Energy dense foods can increase cancer risk
There is a proven link between obesity and cancer risk, however few studies have examined the link between energy density of food and cancer risk. In a study published in the Journal of the Academy of Nutrition and Dietetics, researchers analysed dietary energy density (DED) in the diets of post-menopausal women. DED itself is a measure of the calories per gram of weight that a food has and it is also a measure of food quality. Therefore, foods such as fruits and vegetables are low-DED foods, where processed foods such as hamburgers are high-DED as you require more to get nutrients out of them.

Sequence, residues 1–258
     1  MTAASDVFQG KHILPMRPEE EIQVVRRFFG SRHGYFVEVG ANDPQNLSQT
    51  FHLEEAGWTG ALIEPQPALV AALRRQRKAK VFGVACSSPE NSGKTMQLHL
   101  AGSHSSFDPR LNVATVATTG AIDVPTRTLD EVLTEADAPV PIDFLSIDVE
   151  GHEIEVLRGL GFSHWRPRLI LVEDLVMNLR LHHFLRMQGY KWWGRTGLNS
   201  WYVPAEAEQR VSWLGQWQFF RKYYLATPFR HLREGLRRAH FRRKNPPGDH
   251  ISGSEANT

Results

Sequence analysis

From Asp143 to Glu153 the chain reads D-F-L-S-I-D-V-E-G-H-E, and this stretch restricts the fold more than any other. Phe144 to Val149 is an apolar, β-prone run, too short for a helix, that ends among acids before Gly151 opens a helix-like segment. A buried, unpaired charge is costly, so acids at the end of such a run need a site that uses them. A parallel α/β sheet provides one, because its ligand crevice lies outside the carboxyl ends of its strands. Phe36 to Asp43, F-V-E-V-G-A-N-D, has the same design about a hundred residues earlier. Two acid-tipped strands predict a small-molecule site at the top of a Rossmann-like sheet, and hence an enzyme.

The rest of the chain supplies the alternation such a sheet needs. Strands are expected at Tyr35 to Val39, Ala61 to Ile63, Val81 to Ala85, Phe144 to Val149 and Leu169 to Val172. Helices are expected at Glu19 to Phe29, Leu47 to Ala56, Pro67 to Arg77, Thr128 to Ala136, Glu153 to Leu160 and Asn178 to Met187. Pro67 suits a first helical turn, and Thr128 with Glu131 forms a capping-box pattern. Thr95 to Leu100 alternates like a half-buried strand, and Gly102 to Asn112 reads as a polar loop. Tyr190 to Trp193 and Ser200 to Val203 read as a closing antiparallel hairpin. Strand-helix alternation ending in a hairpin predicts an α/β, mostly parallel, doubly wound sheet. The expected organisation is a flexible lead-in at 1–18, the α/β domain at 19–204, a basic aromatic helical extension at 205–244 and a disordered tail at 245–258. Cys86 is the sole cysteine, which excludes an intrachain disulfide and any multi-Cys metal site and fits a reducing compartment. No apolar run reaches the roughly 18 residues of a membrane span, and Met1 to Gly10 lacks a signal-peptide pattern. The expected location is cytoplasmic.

In total, data on 90,000 women was obtained and it was found that high DED foods were linked with a 10% increase in obesity-related cancer. This increased risk was limited to women who were of a normal weight at the start of the study. The findings show that weight management itself may not be adequate in preventing obesity related cancers, if women continue to consume a diet pattern of high DED. The exact mechanism of the link of DED and cancers is unknown, but the researchers hypothesise that it is due to metabolic dysregulation, however more research is required to be sure.